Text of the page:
Oriel is a nice enough lacy stitch pattern, but it does puff out somewhat fiercesome. Now I don't have the skinniest legs in the world, but nor do I have a chronic water retention problem - yet put an oriel on, and your ankles seem to swell. (Maybe if I had used a heel flap and gusset it wouldn't have pooched so much.)
Charlene Schurch's Oriel schematic is a 'generous' pattern - if you are knitting for a smaller foot circumference within a gauge band be prepared for a slightly looser fit.
Lorna's Laces shepherd sock, as a yarn, holds up well to mistreatment. I must have cast on and ripped 8 times before finally making up my mind - and the yarn showed virtually no sign of degradation.
Lorna's Laces shepherd sock seems a 'clean' yarn, but that lack of furze around the strand makes it more likely your holes, where no holes are meant to be, will show. The SSSPs and K3togs coming back up the short row heel are gappier than I would like, even if you make sure your yarn overs are tight, and you drop down to a size 2mm/US0 needle. (Speaking with vast (in)experience as a sock knitter - I've made a whole 4 and a half pairs so far, and I must be experienced, because I think I'm about to hit second sock syndrome - the Regia Silk sock yarn has that little bit of furze to it, which hides those holes better.)

Do I like the sock? It's okay, and I've learnt more through its making. Will I make the second sock? Well, yes, but maybe not right now, because I am in

...Olympic Training...

Training has begun, yarn chosen, swatches made, gauge is being calculated at this very moment, and charts are still in the mythical 'what if I try this' stage. Will I expire from all the excitement, and how many social engagements can I turn down during the K.O. MMIV? Does anybody have any ideas on how to explain to non-participants/non-knitters why you would just love to see them, and how it is wonderful of them to suggest that you all meet up in London for the weekend, do some shopping, catch some culture, eat a little, drink a little, before they fly back to Italy, but it's the Knitting Olympics, and you're just not sure that you have the time?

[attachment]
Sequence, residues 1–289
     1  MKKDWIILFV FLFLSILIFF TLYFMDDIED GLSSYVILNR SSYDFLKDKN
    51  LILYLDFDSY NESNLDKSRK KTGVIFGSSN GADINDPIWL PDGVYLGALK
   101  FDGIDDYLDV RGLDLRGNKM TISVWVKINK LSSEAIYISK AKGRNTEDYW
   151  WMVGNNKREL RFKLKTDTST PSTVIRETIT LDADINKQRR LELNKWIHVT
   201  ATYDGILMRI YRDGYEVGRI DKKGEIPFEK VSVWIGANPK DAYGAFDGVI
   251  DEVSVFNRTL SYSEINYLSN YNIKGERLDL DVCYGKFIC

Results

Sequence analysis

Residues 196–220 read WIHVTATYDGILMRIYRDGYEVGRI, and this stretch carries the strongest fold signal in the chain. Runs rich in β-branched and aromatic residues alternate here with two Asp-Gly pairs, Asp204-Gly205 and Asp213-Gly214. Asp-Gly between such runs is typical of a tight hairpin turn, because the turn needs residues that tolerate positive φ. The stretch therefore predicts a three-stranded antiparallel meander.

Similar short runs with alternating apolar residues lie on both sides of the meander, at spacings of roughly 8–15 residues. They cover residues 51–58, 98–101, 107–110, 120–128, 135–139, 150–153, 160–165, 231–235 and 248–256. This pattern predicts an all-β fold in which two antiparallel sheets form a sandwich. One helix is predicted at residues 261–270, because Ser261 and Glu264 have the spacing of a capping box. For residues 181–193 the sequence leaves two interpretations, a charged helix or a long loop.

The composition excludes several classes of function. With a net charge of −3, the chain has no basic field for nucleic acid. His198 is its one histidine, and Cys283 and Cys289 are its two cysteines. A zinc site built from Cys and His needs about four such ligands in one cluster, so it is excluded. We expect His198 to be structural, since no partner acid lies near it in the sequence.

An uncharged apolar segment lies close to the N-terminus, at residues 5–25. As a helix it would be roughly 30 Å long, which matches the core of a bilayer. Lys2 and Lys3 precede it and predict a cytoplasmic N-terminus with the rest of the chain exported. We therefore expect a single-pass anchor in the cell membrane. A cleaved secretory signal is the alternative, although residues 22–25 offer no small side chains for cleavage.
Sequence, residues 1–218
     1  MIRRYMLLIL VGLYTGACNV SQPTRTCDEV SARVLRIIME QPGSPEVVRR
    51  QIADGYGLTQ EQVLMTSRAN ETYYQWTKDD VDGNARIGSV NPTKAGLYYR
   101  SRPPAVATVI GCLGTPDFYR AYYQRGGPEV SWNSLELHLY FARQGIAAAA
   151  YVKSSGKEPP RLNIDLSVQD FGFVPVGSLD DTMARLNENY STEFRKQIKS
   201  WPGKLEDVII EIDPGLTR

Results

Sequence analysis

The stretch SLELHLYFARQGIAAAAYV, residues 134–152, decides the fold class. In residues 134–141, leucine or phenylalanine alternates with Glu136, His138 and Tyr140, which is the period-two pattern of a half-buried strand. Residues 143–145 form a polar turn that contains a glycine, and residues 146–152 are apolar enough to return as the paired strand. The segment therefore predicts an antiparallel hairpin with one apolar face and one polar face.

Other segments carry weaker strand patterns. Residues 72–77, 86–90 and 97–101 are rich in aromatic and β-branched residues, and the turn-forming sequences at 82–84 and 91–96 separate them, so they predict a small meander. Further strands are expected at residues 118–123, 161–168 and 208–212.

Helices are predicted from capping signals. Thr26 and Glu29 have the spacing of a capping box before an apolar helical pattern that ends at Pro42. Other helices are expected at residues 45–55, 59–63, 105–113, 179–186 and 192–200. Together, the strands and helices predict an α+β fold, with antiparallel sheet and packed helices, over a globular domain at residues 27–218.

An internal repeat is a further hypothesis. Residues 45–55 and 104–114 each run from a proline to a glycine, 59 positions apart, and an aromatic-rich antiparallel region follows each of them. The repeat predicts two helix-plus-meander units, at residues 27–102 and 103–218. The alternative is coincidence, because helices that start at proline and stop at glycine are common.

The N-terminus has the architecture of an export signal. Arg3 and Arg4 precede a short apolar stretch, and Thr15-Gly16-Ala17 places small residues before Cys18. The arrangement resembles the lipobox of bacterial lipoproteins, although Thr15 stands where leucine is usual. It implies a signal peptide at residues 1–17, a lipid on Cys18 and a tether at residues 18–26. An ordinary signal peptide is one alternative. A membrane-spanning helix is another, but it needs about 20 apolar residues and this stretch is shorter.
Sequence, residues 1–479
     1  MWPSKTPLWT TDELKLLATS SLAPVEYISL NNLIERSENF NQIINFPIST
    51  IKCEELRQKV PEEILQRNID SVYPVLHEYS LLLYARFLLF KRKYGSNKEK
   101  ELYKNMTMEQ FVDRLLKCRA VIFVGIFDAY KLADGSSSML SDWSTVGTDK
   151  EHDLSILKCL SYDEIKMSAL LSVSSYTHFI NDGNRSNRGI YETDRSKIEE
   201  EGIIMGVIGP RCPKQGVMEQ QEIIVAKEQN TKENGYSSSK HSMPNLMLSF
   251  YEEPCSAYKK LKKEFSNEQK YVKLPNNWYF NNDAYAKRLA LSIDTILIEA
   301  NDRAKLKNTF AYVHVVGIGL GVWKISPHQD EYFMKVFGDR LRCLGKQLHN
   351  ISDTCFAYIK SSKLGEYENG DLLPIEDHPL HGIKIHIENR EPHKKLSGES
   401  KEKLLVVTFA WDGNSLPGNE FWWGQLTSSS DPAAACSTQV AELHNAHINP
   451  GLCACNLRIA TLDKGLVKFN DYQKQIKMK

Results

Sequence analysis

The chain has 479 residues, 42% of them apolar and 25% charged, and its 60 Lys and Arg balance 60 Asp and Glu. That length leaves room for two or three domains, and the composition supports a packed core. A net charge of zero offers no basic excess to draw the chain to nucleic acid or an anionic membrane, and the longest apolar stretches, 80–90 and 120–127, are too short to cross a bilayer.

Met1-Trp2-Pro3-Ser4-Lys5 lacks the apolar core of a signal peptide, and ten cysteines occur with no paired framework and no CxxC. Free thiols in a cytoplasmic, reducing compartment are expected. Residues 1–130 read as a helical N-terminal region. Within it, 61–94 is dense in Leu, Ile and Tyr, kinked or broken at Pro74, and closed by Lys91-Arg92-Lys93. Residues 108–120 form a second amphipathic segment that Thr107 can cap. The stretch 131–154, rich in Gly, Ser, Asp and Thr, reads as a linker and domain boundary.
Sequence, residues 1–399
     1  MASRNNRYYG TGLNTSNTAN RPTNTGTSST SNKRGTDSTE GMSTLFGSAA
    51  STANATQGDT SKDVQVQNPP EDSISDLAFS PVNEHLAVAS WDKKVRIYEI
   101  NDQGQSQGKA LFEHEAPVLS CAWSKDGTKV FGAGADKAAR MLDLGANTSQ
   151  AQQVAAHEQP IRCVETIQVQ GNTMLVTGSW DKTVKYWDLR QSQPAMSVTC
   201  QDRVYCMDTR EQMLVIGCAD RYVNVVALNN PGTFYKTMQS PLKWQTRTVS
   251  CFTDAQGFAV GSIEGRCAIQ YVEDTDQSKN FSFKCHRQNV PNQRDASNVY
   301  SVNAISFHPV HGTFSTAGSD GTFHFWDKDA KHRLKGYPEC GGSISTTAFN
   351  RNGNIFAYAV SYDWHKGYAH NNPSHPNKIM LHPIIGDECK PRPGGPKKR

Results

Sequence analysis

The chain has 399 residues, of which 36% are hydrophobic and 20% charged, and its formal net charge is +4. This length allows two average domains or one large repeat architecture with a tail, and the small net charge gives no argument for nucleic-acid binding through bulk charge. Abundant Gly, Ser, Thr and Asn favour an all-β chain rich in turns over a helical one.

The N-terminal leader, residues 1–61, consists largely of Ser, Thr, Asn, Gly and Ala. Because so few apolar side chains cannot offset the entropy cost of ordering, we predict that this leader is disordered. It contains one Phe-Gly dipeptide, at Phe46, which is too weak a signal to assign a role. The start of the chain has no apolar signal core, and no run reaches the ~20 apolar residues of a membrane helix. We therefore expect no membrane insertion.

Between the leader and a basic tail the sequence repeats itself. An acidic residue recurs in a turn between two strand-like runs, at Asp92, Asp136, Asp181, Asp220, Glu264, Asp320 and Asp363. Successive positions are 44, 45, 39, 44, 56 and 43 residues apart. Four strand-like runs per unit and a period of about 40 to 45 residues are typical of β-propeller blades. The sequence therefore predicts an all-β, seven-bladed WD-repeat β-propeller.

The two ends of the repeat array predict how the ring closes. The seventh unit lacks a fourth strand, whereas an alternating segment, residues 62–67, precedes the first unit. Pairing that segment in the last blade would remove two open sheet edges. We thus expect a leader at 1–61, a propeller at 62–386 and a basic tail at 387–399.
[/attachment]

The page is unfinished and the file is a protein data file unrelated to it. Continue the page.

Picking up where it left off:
Oh, and to those absolutely fabulous knotty girls over at JenLa, thank you, thank you for the buttonmania you have created - you are welcome to come and ransack my home for anything your little warped hearts desire (just keep your Uncle Sam mits off my stash.) Just scooch your eyes on over to the side-bar, and you will see the little beauty they made for Team GB (and note, too, how they acknowledge the betterness of our disorganised team).

To all those nice people who have commented (not those nasty ones who try to sell me things, which is why I have gone all moderation for a while). Thank you. You make me go all warm and fuzzy inside. And you are teaching me to be a better blogger, and making me pay attention to the community that lives down my ADSL line. But I'm still not 100% there at getting back in touch with you to thank you personally (would you believe I get a little shy?), so I'll thank you publicly instead.

And finally, the 'Don't they grow up so fast' section.

Little Fran, pictured a month ago, who this weekend turned into a writhing, yowling mess of hormones. I've never seen a cat 'in heat' close up before, and it isn't pretty. She must be older than we thought (or else just very advanced for her age), as her op was scheduled for some time in February. It can't come too soon - the local toms are hovering, the cat flap is barricaded, we are tired of being presented with her bottom, and Susie and Sootie, resident spinster cats, are tired of being propositioned in their own home. Only last week Fran was playing hide the mouse, and now it is an entirely different mouse she wants to hide. (I'm really sorry for that last bit, but for a little cat she can make an awful lot of noise, and keep it up for a very long time - 4 hours of come-hither calling a night means I haven't had much sleep, and my judgment may have gone walkabouts.)